At 5 ft 3 inches, Bogues is comfortably the shortest player in NBA history. His 14 seasons in the NBA serves a testament to his ability as a player.
In his rookie year, Bogues was a teammate of Manute Bol who stood 7 ft 7 in (2.31 m) tall. They were the tallest and shortest players in NBA history at the time, with 28 inches (71 cm) difference between them.
Fortunately for Bogues, and basketball as a sport, this gimmick combination was short lived and he was soon selected by the Hornets in their expansion draft. He is the Hornets’ career leader in minutes played (19,768), assists (5,557), steals (1,067), turnovers (1,118), and assists per 48 minutes (13.5).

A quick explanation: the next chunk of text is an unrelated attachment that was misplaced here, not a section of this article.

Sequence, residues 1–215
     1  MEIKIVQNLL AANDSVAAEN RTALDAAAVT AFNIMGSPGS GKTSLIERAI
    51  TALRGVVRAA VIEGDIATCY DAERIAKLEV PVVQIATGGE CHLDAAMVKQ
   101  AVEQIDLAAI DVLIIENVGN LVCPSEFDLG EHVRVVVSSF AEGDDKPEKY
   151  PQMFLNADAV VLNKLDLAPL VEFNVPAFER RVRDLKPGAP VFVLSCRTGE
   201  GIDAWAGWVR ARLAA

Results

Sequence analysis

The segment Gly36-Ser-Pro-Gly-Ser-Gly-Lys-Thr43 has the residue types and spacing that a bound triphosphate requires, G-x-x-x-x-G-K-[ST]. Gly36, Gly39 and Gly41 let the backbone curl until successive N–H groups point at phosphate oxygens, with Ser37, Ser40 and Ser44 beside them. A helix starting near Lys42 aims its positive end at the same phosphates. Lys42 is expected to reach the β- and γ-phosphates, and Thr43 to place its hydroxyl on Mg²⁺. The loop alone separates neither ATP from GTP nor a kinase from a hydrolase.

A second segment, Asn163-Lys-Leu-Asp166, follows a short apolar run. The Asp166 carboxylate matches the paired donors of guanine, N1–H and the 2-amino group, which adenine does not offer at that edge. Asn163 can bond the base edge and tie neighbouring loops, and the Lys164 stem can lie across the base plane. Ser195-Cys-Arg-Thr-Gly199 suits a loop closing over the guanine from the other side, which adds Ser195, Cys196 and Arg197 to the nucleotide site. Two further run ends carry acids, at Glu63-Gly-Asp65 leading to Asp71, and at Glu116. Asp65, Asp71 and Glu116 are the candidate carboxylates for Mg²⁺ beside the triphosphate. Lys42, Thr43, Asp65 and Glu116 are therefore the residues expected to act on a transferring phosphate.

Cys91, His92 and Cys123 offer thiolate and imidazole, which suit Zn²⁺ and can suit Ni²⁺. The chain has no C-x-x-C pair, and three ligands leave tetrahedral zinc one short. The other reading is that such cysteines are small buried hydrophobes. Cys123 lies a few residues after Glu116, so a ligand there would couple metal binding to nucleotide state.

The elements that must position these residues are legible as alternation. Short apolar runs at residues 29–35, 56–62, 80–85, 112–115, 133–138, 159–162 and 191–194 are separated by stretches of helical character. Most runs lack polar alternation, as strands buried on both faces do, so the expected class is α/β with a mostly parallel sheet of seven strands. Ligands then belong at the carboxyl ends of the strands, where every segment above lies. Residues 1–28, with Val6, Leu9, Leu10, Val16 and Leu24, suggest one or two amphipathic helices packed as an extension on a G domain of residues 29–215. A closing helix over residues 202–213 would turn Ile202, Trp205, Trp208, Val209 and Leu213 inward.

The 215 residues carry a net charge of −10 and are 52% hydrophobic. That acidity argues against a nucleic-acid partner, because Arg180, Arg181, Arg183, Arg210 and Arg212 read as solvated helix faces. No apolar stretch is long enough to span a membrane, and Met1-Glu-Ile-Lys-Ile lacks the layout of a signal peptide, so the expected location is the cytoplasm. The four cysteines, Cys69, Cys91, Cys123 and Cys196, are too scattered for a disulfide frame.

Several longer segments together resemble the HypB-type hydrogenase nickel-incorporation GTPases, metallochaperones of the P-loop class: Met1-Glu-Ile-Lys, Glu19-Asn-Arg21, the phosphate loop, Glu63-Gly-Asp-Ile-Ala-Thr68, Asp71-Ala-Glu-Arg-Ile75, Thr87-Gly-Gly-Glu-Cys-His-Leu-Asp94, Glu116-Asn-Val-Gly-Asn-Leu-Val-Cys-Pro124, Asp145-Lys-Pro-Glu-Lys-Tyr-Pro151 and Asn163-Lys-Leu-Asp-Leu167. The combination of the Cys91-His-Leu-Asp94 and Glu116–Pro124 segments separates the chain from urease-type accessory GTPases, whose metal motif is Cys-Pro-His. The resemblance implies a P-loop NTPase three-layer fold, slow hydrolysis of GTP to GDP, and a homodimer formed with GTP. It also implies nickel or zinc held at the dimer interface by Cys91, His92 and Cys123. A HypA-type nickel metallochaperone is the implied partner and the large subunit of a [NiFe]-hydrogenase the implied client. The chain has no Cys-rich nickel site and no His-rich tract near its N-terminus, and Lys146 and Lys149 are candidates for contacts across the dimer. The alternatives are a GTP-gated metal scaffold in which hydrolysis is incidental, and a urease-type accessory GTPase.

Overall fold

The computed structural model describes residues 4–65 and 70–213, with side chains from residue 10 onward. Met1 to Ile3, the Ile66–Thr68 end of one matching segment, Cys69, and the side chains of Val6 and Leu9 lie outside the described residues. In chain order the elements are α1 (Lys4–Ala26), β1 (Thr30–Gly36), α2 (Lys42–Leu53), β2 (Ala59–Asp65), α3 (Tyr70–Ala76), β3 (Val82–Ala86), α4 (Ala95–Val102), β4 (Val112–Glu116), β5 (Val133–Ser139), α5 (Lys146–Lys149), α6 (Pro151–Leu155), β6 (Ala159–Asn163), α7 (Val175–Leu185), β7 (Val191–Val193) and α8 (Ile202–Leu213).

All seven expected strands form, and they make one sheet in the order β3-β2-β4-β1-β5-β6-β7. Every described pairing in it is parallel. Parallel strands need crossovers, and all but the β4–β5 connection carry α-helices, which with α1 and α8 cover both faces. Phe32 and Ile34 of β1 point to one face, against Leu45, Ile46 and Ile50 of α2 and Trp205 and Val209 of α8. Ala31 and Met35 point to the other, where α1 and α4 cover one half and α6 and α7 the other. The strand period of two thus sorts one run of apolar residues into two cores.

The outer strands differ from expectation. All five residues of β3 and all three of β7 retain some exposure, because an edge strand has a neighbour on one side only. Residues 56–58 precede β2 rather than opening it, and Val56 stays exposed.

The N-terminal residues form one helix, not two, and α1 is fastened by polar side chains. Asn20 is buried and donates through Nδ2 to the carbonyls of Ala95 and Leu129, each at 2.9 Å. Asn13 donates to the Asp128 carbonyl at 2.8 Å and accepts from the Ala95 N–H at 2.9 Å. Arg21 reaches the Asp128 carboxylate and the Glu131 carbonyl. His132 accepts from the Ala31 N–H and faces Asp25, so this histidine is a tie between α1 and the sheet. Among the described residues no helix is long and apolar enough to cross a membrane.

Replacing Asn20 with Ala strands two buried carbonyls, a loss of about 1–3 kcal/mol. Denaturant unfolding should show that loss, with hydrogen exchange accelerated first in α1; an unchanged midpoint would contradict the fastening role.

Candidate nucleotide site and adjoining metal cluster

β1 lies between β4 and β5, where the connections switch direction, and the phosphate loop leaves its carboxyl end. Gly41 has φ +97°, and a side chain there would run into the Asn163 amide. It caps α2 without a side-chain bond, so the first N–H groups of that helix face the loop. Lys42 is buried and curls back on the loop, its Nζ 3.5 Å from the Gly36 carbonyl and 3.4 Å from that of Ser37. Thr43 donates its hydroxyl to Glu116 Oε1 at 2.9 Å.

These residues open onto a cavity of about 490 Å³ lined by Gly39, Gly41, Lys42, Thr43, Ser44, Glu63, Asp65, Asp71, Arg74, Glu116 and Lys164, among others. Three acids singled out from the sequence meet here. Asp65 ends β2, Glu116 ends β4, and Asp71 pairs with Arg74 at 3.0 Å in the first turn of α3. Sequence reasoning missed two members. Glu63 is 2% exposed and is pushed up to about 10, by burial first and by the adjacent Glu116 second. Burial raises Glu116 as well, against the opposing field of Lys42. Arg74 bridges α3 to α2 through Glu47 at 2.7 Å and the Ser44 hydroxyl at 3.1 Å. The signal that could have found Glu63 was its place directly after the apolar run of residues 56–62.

If you consider the average height of an NBA player is a fraction over 6 ft 7 inches, the achievements of the smaller guys can’t be underestimated. Few sports carry such a disadvantageous height requirement, and players like Muggsy should be remembered, not just for the odds that were stacked against them, but for the talent and strength that earned them a spot in the NBA.
Innate athletic ability should not be the most impressive thing about a sportsperson. Of course, we can all marvel at the likes of Shaquille O’neal, abundantly blessed with the incompatible combination of size and mobility, but it’s the other guys you should observe. Those people who didn’t win the lottery of life in the physique department. Players like Jason Williams and Steph Curry, they take what they have and maximise it to the fullest. Too often American sport prioritises size over finesse; I stand by my assessment of a the NFL, who nicknames an athlete after a household appliance?